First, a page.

Cat Quest II Review — No More Cat Puns, Please and Thank You
Cat Quest II is a fun romp, but the thrills on offer are a bit shallow.
Cat Quest II is an action-RPG aimed at children. While games like Diablo and Path of Exile require massive time commitments and attention to detail, Cat Quest II offers pure pick-up-and-play enjoyment. There aren’t complex progression systems to manage, and you’ll always feel a strong sense of purpose and direction as you play this game. It is super accessible, and I applaud it for that. Unfortunately, the world, writing, and characters of Cat Quest II are not merely simple and accessible–they’re plain uninspired. And that’s what keeps this game from being truly great.
Personality should come easy to a game about an adorable cat-and-dog duo, but Cat Quest II isn’t quite as cute and charming as it ought to be. Part of the problem is world-building. When I first booted up the game, I thought of the exotic locations I might visit: “the cardboard fortress,” “the park,” “the sandbox,” “the pet shop.” I found none of them. Cat Quest II takes place on an overworld that looks like a continental map and in grey, maze-like dungeons. That’s it. There are interesting names of places, but there aren’t actually interesting places to go. Simple combat is one thing, but the simple world of Cat Quest II is creatively barren. It’s a shame, honestly–the premise is so fertile. Maybe the developers didn’t think so. Maybe they just wanted to sell copies of the game based on an idea and not on content.
The overarching narrative of Cat Quest II is fine: you play as a cat and a dog working together to bring peace to the kingdoms of cats and dogs. A bit slapdash if you ask me, but it’ll suffice–action-RPGs don’t need a lot. A simple motivation like this is totally fine.
However, what isn’t fine is a total lack of imagination when it comes to dialogue and character design. Dialogue in Cat Quest II is painfully corny, and this is largely due to the game’s excessive use of puns. It’s not even a pun-a-minute–it’s a pun-every-five-seconds, and they are all just awful. Some jokes are funny precisely because they are unfunny, but Cat Quest II wears out its welcome very quickly.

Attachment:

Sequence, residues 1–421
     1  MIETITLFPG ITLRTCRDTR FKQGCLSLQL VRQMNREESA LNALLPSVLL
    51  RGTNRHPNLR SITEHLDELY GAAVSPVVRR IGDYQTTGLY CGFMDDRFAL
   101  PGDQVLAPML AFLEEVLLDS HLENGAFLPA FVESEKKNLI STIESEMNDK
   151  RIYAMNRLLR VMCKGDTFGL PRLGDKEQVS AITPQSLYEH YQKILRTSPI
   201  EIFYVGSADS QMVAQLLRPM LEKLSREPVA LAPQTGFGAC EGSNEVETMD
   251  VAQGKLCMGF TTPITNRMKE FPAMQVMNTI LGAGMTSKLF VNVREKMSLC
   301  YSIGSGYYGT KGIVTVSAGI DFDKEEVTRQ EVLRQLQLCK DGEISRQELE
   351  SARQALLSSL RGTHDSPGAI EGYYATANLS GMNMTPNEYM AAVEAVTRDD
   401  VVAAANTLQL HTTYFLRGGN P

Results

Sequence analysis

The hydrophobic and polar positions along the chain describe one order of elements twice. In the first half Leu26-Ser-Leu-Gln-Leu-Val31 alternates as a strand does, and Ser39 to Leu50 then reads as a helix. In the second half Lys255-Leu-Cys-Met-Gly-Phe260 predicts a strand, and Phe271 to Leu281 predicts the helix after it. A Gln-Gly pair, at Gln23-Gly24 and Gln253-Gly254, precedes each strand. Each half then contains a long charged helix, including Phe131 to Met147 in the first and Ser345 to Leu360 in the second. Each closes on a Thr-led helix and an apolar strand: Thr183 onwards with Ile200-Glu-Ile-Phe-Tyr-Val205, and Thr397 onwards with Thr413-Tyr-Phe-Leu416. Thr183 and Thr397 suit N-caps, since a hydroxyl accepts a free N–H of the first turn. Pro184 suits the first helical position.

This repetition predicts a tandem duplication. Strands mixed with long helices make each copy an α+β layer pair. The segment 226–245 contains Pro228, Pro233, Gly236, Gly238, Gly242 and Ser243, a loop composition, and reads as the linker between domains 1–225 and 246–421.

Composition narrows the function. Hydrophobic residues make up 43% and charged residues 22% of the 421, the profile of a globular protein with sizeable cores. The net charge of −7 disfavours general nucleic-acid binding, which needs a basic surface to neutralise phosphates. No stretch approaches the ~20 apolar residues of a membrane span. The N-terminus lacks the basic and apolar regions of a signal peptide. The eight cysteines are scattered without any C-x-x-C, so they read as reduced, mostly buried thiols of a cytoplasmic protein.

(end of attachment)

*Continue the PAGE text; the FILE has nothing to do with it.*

The word “purrfect,” for example, is in literally every character’s vocabulary. This is lame. In addition to being lame, though, it’s a serious problem: because every character tells the same joke, no character feels particularly unique. I mean, it’s fine to make a game that appeals to children, but this feels like it was written by children. And you know what? Even kids will roll their eyes when they see the word “fur” misused for the 8000th time. I can hear them shouting now as they turn off the game: “We are the future! We deserve better writing!”
The art design in Cat Quest II could also be better. It’s functional–action in the game feels and looks pretty good–but the game just doesn’t seem to have much life. The first problem is a lack of unique character models. Each friendly is either a dog or a cat and virtually identical apart from minor cosmetic differences. Enemy variety isn’t great either: you’ll fight one too many wyverns during your playthrough of Cat Quest II. Ultimately, everything sort of feels and looks the same. Compare this with Paper Mario: The Thousand-Year Door. Both games utilize a paper-thin art style, but Paper Mario features a massive number of enemies and friendly characters, all of which sport unique animations and designs. One of these games is a classic, and the other is not. I’ll let you guess which is which.